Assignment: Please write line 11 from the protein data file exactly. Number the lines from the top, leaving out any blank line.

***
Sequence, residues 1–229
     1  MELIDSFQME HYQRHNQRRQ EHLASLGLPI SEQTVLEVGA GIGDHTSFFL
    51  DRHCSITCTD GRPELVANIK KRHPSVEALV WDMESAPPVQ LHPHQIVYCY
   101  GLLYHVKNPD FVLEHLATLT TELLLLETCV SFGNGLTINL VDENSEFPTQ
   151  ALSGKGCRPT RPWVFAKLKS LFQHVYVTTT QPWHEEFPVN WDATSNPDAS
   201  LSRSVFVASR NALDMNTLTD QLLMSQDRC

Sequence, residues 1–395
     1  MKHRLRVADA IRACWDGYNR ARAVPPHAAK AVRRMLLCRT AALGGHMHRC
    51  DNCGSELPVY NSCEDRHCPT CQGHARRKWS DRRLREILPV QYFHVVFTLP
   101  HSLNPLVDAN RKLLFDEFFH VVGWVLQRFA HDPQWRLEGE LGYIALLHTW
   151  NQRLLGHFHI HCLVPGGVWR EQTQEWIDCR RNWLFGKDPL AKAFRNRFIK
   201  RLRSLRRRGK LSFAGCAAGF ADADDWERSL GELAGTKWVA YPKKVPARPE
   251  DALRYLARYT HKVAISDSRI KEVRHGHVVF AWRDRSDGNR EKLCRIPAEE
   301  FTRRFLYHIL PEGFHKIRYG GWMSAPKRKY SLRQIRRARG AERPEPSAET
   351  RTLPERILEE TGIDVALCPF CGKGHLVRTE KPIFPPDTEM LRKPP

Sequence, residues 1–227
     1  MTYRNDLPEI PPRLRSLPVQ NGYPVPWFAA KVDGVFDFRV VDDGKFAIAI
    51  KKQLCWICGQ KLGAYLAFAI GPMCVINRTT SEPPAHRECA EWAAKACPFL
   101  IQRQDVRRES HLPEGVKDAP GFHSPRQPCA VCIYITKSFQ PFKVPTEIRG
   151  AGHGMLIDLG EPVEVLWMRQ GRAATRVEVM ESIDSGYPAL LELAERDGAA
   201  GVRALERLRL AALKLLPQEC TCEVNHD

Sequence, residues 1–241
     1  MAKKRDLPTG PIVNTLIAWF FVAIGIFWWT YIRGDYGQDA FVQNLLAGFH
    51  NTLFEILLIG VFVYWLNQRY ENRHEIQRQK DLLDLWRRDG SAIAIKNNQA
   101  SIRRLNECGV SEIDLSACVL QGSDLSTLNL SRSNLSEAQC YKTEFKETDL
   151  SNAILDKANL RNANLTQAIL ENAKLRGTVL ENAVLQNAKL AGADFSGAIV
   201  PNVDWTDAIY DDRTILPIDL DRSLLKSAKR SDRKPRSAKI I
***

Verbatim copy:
   151  NQRLLGHFHI HCLVPGGVWR EQTQEWIDCR RNWLFGKDPL AKAFRNRFIK